Young stellar objects with circumstellar disk, as seen in the Orion Nebula by Hubble Space Telescope. These newly forming stars may one day also have planetary systems around them.

In addition, astronomers used the Spitzer Space Telescope to observe these objects in the Large Magellanic Cloud, a satellite galaxy to the Milky Way. They’ve spotted at least a thousand YSO candidates in the Spitzer data, allowing them to trace the process of star birth outside our Milky Way.

Finding Newly Forming Stars in Other Galaxies

Astronomers want to understand the process of star formation in other galaxies because each one has a unique chemical environment and evolutionary history. Star formation helps fill in the story of galaxy evolution. That’s why it’s so important to look for YSOs in other galaxies.

Until now, looking for infant stars beyond our immediate galactic neighborhood has been nearly impossible. Spotting them requires very high-resolution imaging and infrared detection capabilities to discern these baby stars from their birth clouds. As happens in the Milky Way, the cloud surrounding the young stars absorb their visible light emissions. Also, if you have a number of them in one cloud, distinguishing one from another can be impossible at great distances. Telescopes such as Spitzer, Herschel, and ground-based observatories don’t have the high-resolution capability to detect all YSOs beyond the Large Magellanic Cloud.

This is where JWST comes in handy. It has high-resolution capability and is infrared-sensitive, which allows astronomers to study star-forming regions at greater distances. That’s why a team of observers used the telescope to look at the Triangulum Galaxy. It’s very similar to the Large Magellanic Cloud in terms of how many stars it makes, its metallicity, and its size. However, unlike the LMC, M33 has puffy spiral arms that are home to star birth regions in giant molecular clouds. So, it made a perfect target.

The team used the MIRI instrument to look at a 5.5-kiloparsec-sized section of M33’s southern spiral arms. They used previously made HST observations to identify likely sites of YSOs in the arm. Then they focused JWST on those sites. The result is a whopping catalog of nearly 800 individual candidate YSOs that they then analyzed.

A four-color image showing the MIRI data from JWST and HST data from the PHATTER survey. It shows the region of M33 where nearly 800 YSOs lie. Courtesy Peltonen, et al.

Analyzing the YSOs in the Triangulum Galaxy

After sorting the observations and classifying what they found, the astronomers came to some interesting conclusions about star formation in M33. They found that the most massive giant molecular clouds there host a great many young stellar object candidates. The numbers are about similar to what’s seen in similar clouds in the Milky Way. The spiral arm they studied seems to have a very efficient star-formation mechanism, which isn’t necessarily correlated with the mass of the giant molecular clouds there. They’re still trying to figure out why the spiral arm is such a star-formation engine.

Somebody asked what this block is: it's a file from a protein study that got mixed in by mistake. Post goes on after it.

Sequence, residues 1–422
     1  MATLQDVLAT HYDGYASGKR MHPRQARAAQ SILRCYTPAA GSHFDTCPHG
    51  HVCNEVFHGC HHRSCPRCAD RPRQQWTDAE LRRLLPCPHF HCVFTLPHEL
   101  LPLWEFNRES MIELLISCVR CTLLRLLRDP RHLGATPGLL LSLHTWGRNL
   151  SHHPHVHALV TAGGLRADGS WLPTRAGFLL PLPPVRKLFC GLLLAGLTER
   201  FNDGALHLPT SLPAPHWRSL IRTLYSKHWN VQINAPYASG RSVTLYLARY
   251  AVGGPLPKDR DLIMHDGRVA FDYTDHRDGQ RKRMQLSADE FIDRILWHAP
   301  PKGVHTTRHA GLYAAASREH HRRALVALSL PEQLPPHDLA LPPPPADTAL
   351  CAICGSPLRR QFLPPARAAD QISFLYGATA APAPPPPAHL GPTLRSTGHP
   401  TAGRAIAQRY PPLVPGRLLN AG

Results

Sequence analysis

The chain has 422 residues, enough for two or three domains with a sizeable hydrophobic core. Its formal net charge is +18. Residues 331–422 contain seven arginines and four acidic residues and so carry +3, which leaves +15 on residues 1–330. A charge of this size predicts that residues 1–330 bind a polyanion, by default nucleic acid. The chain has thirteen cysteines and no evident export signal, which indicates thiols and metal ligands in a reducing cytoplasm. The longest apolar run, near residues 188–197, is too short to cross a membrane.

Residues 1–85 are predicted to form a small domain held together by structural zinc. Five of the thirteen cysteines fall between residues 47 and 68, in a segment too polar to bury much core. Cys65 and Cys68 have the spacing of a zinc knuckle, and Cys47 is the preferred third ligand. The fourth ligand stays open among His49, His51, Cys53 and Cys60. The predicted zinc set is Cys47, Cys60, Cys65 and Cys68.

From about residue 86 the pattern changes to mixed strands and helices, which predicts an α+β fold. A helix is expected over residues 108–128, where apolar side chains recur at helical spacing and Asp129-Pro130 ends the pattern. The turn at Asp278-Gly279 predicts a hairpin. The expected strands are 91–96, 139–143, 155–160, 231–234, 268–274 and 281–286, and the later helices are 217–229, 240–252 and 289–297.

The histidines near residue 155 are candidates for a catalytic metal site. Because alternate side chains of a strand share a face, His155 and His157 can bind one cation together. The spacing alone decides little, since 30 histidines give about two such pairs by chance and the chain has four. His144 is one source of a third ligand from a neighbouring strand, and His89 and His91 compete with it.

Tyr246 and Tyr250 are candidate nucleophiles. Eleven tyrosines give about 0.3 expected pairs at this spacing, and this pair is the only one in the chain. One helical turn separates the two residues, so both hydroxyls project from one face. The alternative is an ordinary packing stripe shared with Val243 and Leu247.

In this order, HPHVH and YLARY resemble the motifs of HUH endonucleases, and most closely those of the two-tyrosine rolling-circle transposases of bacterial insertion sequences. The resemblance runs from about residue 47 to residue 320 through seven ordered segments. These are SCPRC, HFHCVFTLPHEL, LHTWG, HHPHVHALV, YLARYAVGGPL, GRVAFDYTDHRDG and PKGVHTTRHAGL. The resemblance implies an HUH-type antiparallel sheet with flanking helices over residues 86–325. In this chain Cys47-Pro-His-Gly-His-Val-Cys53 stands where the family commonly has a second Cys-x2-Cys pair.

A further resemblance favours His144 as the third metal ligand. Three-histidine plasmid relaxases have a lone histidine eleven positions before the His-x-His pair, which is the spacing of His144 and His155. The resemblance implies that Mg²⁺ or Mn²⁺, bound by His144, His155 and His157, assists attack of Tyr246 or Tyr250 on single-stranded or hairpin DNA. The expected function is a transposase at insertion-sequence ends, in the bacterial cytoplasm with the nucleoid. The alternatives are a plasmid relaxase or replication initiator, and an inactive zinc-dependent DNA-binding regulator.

It’s possible that even with JWST, we aren’t seeing into the earliest phases of star formation in that section of the Triangulum galaxy spiral arm. It’s also likely that M33’s spiral arms (which are described as “flocculent”) are different in several ways from the spiral arms of the Milky Way (for example). Flocculence could be caused by multiple episodes of star formation that affect the structure of the gas and dust clouds inside. Our own galaxy’s spiral arms are quite well-defined and certainly less flocculent than M33’s. That could point to an evolutionary change that takes place as a galaxy continues its star-forming activities. The astronomers also suggest that the region between spiral arms that they studied in M33 isn’t as efficient when it comes to star production.

Since this is a “first look” at star formation in a distant galaxy, astronomers will be using those observations to model what they think is happening in M33. Eventually, they should be able to use what they learn to make some very accurate estimates of just how much star formation is happening in the region they studied. Finally, they should be able to extrapolate that star formation rate to other arms in M33. That should give them much-needed insight into that galaxy’s evolutionary state and history.

For More Information

JWST Reveals Star Formation Across a Spiral Arm in M33
A Spectacular Jet from the Bright 244-440 Orion proplyd: The MUSE NFM View
Circumstellar Disc
Spitzer Sage Survey of the Large Magellanic Cloud. III. Star Formation and ~1000 New Candidate Young Stellar Objects

Carolyn Collins Petersen